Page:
In the early days of ebooks, there was a struggle between publishers and retailers on pricing, the former wanting higher prices, the latter generally wanting lower prices. Then came Apple and agency and for five publishers and many of the ebooks sold, pricing became stabilized and uniform across retailers and generally went up for the consumer.
Then came the U.S. Department of Justice and agency pricing as it once was is mostly gone with a few exceptions. The result? The ebook pricing landscape has completely changed. Most best-sellers were priced above $10 or, in the case of some, $8.00 to $9.99. Self-published titles were in the $0.99 to $2.99 range and the rare back-list or mid-list title priced somewhere in the middle snuck on to the best-seller list from time to time.
Today, that middle pricing zone, roughly $4.00 to $8.00 is the most popular for all kinds of books. In a way, price isn’t much of a consideration now for consumers choosing between a blue-chip author and one of her best books and, well, anything else.
Related: Seven Ebook Pricing Strategies
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The rest of the day’s top news:
Three Forces Shaping Trade Publishing (The Shatzkin Files)
“There are three overarching realities that are determining the future course of book publishing. They are clear and they are inexorable,” writes publishing consultant and DBW partner Mike Shatzkin. They are: Scale (how big a publisher is); verticalization (creating vertical channels of interest for purposes of content and audience development); and atomization (everyone is now a publisher or soon will be). Related: Snapshot of the Atomization of Publishing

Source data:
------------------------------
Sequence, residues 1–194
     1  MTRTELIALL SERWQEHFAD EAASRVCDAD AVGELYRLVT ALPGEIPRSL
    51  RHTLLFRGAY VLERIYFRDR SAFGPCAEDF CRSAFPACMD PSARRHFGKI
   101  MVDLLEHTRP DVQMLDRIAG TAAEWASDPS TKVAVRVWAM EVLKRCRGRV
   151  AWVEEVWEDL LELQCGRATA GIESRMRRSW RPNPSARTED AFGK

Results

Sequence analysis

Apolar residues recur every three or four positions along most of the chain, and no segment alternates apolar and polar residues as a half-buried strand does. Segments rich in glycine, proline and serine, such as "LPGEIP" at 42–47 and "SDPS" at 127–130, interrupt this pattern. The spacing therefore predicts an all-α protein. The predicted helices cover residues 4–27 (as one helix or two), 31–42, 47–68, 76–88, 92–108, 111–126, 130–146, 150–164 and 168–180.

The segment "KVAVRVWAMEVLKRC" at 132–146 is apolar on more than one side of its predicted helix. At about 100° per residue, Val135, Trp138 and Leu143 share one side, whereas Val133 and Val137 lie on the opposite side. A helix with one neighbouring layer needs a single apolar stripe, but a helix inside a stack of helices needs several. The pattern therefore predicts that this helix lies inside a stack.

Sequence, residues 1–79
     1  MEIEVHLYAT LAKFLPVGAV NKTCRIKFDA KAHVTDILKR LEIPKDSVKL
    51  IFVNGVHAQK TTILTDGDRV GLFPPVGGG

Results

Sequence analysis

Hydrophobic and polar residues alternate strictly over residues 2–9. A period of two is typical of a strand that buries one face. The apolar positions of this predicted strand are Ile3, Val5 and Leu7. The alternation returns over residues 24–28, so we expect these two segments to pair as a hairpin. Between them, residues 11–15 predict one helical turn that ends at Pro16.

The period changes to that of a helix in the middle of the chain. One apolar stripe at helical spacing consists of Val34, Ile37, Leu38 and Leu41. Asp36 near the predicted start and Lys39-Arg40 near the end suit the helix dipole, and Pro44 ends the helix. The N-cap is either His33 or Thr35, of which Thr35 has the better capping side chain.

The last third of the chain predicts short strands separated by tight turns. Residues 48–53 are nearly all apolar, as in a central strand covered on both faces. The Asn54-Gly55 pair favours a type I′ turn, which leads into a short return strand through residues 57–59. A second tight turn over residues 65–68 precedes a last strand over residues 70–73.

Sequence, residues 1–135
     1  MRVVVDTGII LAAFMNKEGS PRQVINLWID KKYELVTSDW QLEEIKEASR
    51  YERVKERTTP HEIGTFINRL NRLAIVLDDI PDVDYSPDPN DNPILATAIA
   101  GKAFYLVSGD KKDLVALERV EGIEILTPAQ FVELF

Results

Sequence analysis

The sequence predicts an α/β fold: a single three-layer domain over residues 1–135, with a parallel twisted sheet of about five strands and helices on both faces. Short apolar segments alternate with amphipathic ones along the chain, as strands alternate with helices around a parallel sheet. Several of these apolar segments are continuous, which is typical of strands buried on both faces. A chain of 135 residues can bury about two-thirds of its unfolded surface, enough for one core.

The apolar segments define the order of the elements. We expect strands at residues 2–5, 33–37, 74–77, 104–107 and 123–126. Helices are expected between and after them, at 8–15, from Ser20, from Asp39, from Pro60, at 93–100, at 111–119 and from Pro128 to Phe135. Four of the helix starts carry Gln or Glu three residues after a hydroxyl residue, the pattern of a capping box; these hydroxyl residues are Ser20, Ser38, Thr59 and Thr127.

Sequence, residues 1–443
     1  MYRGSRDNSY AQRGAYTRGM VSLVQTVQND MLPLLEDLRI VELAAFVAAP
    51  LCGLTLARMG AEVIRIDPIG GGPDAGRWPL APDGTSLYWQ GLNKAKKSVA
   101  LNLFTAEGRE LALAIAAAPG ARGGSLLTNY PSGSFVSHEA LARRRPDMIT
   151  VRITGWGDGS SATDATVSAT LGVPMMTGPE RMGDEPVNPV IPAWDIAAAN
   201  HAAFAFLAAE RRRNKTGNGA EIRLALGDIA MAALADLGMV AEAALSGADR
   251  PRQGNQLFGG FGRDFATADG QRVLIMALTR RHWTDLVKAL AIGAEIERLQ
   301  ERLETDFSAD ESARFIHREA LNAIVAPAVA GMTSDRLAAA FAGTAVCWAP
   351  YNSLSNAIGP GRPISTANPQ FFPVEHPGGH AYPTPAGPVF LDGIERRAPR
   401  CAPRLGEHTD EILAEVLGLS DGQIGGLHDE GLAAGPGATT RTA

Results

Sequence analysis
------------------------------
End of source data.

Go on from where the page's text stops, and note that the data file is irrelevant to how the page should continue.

Technology and Rise in Self-Publishing Pumps Heart of London Book Fair (PW)
What was once the sleepy backwater of the London Book Fair has become its most exciting thoroughfare: The Digital Zone, powered by publishing technology firms and self-publishing vendors.
The State of America’s Libraries (DBW)
The American Library Association has released its annual report on libraries in America. Amid budget cutbacks, libraries continue to thrive and innovate. Ebooks are still a huge issue, even though the last of the big-six publishers is now somewhat on board with the concept of libraries loaning them out.
Amazon’s New E-Comic Creation Tool (The Digital Reader)
Amazon continues to pile on the tools and services for authors. Perhaps in response to Comixology launching its own graphic narrative self-publishing tool, Amazon has quietly done the same.
How to Get Your Next Job in Publishing (Pub Trends)
The path to promotion in publishing is well-marked: start off as an assistant and work, work, work your way up. Here’s some practical advice on how to go from that first step to the second one.
Five Ways Publishers Can Be More Like Start-ups (Pub Perspective)
There are many ways big companies have advantages over start-ups. However, there is much that they can learn from the small, scrappy firms, like how to understand their markets, how to pivot and much more.
More New E-Readers (The Digital Reader)
Pocketbook is expected to announce three new e-reading devices next week. Kobo announced its latest addition earlier this week. Does that mean the next fleet of Kindle devices is around the corner?
RocketReader.com Tells You What E-Reader to Buy (DBW)
A new website will compare prices and specs for you for a variety of e-reading devices and help you decide which one to purchase. Launches April 18.
George Saunders on His Digital Exclusive (L.A. Times)
A George Saunders short story has been released as a standalone digital exclusive. The admired short-story author didn’t know that it was possible to do such a thing: When he decided to keep it out of his latest collection, he assumed it would be on the cutting floor to stay.
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